Describe maintenance of water quality (e.g., filtered, frequency of change, temperature, pH, nitrates, chlorine, etc.).
Describe routine animal care procedures (e.g., feeding schedule, checking for health of animals).
Describe any hazards (biological, chemical, or physical) associated with the maintenance and care of aquatic species and emergency procedures pertinent to the safety of aquatic species and personnel who care for them.
12. USE OF HAZARDOUS MATERIALS. If hazardous materials including radioisotopes and toxic substances are to be used, answer the following. Attach approval from the CPP Radiation Safety Committee and/or the Office of Environmental Health and Safety, as appropriate.
Other hazardous material(s) or toxin(s):
Amount to be used:
Role of material in study:
Degree and nature of risk to personnel:
Safety precautions for personnel directly and indirectly involved:
Means of storage of hazardous material:
Means of disposal of hazardous material including contaminated animal carcasses, bedding, and wastes:
13. USE OF BIOHAZARDS. If infectious agents, tumor cells, recombinant DNA, mammalian tissues, transgenic animals, genetically modified whole plants or other hazardous biological materials (see info at link to list at EH&S) are to be used in the proposed study, it may be necessary to complete paperwork and obtain approval with the Institutional Biosafety Committee (IBC, http://www.cpp.edu/~ehs/portals/biosafety/ibc.shtml) in the Office of Environmental Health and Safety (EH&S). The IBC has a biosafety survey, instructions, and submission forms to help guide the process. Approvals from the ACUC and IBC can be done in parallel.
Has the proposed use been reviewed and approved by the IBC? Enter, as appropriate: yes, no, unsure, in process.
Please explain the current status of the IBC application and provide appropriate documentation, e.g. biosafety survey submission ID number and approval memo.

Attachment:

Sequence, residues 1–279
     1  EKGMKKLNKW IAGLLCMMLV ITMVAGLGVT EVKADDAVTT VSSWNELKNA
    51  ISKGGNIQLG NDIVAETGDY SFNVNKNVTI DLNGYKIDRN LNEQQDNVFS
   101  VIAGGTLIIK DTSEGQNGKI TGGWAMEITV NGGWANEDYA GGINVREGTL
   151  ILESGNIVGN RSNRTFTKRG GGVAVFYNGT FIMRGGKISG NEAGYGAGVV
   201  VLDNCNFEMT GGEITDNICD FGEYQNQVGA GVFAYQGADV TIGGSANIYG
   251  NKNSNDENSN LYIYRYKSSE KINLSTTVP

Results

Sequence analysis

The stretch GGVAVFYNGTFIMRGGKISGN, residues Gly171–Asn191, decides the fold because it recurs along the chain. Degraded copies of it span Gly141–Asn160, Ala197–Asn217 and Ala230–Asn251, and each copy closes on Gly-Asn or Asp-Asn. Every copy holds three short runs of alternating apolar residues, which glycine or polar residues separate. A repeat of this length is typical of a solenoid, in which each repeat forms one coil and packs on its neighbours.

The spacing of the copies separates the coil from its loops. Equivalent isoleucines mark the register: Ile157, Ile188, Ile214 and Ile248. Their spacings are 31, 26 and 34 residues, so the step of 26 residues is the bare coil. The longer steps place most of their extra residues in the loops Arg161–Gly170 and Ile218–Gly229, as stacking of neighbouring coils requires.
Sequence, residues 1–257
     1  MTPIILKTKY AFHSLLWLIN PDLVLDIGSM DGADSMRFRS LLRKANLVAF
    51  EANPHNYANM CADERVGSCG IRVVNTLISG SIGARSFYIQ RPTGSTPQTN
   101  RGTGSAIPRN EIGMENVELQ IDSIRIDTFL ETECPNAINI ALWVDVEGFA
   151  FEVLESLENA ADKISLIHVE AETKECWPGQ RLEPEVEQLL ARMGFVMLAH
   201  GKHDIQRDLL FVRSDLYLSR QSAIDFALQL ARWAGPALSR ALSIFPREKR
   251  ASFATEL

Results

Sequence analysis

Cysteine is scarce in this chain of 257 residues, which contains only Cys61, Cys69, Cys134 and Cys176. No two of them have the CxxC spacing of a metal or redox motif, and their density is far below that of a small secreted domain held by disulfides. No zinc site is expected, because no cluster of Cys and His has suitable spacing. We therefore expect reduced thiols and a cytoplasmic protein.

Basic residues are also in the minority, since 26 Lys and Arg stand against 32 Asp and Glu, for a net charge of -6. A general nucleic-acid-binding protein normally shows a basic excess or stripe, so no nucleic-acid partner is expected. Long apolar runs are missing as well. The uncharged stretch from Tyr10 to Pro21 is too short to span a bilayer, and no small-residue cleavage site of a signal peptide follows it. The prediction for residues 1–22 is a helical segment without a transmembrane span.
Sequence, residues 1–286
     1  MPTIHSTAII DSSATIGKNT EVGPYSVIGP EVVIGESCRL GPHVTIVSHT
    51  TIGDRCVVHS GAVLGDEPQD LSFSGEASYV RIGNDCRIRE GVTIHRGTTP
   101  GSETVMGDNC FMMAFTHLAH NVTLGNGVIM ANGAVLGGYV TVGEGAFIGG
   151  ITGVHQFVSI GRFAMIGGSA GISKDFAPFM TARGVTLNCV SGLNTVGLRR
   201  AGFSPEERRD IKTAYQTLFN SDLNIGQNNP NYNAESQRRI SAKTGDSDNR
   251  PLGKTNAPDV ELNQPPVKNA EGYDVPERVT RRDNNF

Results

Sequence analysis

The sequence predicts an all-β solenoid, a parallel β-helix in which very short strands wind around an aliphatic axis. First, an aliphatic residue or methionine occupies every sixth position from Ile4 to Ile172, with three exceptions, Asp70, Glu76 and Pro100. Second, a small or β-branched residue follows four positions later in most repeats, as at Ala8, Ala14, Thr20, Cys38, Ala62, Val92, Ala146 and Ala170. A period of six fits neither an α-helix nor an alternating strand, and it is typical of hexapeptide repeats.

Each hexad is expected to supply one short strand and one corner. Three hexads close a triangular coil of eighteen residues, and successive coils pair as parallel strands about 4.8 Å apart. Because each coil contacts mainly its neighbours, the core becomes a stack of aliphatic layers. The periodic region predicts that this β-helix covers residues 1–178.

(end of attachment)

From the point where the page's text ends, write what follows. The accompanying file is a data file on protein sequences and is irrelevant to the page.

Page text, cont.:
What animal Bio-Safety Level (ABSL) is recommended for these biohazards by the appropriate regulatory agencies? Please consult the current edition of “Biosafety in Microbiological and Biomedical Laboratories” (CDC/NIH) for guidance and the documentation of procedures. Additionally, per the NIH Office of Biotechnology Activities, “The maintenance of a transgenic rodent colony (i.e., breeding within a particular transgenic strain) at BL1 is an activity that is exempt from the NIH Guidelines and, as such, does not require IBC registration and approval. The maintenance of a transgenic rodent colony at BL2 or higher falls under Section III-D-4-b and requires IBC approval”. (http://osp.od.nih.gov/sites/default/files/NIH_Guidelines.html)
What are the genus, species, and serotype of pathogenic organisms included in this study?
Describe the pathogenicity of the organism(s) or agent(s) being used. What PPE (personal protective equipment) is needed for personnel?
14. USE OF TEST SUBSTANCES. If a test substance (e.g., a dietary additive) other than the hazardous materials described above is to be administered, answer the following:
Test substance(s), dosages, and route(s) of administration:
Number of animals to receive the test substances:
What are the expected outcomes of administration? How will the animal(s) react? Will there be any toxic metabolites in blood, urine, feces, bedding, etc., as personnel safety concerns?